Senior Seminar Project: Topic

The Hat Makes the Man, Max Ernst, 1920, MoMA

I have a topic!

I have a topic!

I have a topic!

I don’t know why I fretted over it so long. Max Ernst’s inclusion in the Scharf-Gerstenberg Collection of surrealism in Berlin was what convinced me that I would be able to do my senior seminar on something other than Renaissance Italian art and after ambling through lots of other topics, I have landed back again on Max Ernst.

My topic has gotten pretty specific fairly quickly. Though I saw Ernst’s Surrealist work at the collection, I have decided to work primarily on his Dada work, though my paper will be informed by the scholarship on his Surrealist practice.

Here are the things I am interested in with Max Ernst

  • Collage as a process: What does it mean when two, or even more, works of art that have been mass produced are once again apart of an original work of art? How, as art historians, should and can we discuss collage? What dialogue already exists and where should it go?
  • Humor in Dada: Where sort of “jokes” are being made? How do languages, speaking and visual, contribute to jokes? What elements of the Dada group philosophy allow for this humor?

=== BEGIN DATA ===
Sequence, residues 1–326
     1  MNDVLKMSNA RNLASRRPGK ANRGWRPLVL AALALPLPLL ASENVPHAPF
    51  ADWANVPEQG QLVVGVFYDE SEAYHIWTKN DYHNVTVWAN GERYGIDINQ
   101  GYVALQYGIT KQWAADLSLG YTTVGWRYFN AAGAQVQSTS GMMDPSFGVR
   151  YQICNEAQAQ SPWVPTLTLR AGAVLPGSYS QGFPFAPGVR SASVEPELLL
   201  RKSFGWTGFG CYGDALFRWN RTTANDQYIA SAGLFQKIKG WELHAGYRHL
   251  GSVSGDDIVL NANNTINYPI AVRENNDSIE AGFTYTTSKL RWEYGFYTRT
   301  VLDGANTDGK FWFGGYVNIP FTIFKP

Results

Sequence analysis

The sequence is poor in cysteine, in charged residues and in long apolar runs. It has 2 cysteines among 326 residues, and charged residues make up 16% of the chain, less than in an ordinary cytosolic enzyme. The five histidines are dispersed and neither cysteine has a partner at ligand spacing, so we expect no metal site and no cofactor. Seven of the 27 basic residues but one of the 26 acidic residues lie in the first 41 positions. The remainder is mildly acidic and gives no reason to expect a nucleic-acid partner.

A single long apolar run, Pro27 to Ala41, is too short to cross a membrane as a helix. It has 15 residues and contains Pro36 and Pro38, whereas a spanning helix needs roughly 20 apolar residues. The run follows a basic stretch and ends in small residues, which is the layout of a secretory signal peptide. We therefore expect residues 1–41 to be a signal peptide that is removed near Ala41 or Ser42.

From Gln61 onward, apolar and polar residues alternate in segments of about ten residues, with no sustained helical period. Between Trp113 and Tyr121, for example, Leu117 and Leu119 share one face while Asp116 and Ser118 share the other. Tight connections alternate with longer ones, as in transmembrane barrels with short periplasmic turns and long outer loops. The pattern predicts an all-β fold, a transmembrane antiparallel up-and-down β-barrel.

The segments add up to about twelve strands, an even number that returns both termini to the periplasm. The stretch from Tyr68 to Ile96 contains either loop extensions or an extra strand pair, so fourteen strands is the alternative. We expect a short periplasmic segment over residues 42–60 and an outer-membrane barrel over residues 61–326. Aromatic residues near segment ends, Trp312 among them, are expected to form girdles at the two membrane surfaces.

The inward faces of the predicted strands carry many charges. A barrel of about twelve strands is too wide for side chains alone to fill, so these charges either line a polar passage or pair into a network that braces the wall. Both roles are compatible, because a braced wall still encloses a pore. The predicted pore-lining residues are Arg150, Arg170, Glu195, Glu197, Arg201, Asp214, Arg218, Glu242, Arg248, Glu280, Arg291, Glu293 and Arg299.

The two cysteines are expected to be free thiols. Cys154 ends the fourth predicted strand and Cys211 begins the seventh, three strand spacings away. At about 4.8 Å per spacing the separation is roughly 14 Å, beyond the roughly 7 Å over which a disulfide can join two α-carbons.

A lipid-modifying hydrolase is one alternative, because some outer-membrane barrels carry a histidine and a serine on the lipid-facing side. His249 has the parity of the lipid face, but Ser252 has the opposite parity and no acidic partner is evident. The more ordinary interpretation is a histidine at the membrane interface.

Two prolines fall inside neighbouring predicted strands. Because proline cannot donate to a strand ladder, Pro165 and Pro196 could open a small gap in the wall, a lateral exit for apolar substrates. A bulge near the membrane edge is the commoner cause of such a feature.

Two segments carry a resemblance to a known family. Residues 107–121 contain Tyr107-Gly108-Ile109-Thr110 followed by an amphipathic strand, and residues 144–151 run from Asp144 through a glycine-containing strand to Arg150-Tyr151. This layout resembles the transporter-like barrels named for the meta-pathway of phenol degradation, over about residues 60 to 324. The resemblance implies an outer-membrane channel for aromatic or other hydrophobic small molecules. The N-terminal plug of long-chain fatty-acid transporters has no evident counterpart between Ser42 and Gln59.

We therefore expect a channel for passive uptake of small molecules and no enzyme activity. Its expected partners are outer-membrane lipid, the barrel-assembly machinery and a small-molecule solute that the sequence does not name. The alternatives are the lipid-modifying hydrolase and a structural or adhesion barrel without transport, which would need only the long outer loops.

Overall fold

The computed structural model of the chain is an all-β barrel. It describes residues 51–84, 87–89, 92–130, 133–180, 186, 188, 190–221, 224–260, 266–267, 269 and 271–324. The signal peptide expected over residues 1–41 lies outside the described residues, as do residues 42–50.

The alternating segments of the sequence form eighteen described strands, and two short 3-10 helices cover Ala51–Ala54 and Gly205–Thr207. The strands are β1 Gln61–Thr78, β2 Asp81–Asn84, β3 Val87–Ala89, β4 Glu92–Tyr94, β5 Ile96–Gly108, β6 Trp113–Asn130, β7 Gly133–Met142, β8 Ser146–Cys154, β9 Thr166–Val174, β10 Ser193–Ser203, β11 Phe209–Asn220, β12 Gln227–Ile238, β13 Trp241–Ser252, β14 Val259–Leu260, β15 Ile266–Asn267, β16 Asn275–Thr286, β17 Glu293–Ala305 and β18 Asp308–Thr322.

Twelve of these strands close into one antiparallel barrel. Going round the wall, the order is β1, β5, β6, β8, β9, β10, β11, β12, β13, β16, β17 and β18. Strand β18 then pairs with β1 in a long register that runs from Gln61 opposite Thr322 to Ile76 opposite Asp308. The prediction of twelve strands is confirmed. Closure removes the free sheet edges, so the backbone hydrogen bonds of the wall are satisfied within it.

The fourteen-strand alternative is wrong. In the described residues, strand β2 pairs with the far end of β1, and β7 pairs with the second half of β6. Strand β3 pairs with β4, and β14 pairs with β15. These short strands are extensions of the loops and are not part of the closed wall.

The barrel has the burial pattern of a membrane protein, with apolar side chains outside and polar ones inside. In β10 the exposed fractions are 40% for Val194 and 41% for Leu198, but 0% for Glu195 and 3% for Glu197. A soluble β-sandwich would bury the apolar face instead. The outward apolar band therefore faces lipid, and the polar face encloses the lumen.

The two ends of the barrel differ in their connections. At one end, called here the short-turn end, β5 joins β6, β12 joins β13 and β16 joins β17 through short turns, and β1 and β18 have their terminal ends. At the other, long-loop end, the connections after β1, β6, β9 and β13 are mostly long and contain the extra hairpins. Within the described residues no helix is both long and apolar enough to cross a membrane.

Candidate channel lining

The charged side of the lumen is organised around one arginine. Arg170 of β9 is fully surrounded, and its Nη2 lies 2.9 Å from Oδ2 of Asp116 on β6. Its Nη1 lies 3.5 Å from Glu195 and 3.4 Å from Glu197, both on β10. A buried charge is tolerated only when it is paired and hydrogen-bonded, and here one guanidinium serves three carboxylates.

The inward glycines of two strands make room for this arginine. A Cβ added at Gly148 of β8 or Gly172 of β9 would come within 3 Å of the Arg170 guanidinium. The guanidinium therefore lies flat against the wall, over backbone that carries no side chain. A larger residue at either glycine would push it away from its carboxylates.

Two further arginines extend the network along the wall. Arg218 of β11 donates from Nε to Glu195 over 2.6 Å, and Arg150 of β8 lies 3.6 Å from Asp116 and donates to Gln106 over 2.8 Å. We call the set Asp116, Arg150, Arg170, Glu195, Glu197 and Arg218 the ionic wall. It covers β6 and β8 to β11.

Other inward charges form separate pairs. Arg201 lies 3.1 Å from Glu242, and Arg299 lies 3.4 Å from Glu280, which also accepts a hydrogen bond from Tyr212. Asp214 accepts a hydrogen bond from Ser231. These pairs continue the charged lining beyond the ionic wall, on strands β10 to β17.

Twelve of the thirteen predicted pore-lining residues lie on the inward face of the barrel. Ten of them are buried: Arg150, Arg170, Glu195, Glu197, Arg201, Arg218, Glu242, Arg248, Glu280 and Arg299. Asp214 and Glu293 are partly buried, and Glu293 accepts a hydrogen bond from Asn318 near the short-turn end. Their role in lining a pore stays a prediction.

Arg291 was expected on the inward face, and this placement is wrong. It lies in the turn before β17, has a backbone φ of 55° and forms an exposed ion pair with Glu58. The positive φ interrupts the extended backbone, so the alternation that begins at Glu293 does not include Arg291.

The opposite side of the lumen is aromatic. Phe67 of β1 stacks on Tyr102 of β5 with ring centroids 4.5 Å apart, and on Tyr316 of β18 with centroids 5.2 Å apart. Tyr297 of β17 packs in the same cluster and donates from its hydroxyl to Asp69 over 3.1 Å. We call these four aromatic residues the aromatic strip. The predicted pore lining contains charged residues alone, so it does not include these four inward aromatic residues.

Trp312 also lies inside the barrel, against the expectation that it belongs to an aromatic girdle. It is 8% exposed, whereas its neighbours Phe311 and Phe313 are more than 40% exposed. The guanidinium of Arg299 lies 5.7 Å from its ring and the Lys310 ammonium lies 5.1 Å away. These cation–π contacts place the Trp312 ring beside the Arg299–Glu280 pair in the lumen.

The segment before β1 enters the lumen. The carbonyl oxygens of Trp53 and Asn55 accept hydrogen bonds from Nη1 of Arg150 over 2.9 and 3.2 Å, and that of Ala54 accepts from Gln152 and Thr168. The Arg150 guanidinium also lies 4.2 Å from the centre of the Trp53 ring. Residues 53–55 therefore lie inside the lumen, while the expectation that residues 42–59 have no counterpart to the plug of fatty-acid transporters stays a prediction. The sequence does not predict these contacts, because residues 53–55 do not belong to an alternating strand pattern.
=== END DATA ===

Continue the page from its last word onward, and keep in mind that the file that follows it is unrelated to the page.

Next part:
• Humor and Collage: I have been reading a lot about Ernst and one article that I stumbled upon was by scholar Lucy Lippard entitled “Max Ernst: Passed and Pressing Tensions” and it included this quote: “For the Dadas, humor was an instrument of destruction and anarchy; for the Surrealists, it was a tool of a far more systematic dissent.” She goes on to discuss the differing ways that Ernst uses collage for these two groups means.

Few scholars that I have found, other than Lippard, seem to look at the pivot points of Ernst career. Between Dada and surrealism, that year is 1922, which is when he moved to Paris and met Andre Breton.

For the majority of his time in Paris, Ernst seems to have abandoned collage, until the late 1920’s and early 1930’s, when he began to create surrealist image novels like La Femmes 100 Têtes which was published in 1929. These collages look so different than his Dada collages, firstly in their black and white source material of Victorian cartoons, and their non-originality, in the sense that what was ultimately “the art” was the published novel, which did not have the cut and pasted collages, but the photographed collages. 

I am suggesting (though very early in my research) as my main research question and focus, that I will not look simply at collage as that art that requires scissors and glue, but art with source materials in other place. Ernst’s early Surrealist paintings (1922-1923) look as much like his Dada collages as any of his other works. What does the change in only the last and final step of the method do to these works? Are these Surrealist paintings a part of anarchy or system?

Works Cited

Lippard, Lucy R. “Max Ernst: Passed and Pressing Tensions.” Art Journal. 33:1 (Autumn 1973): 12-17.

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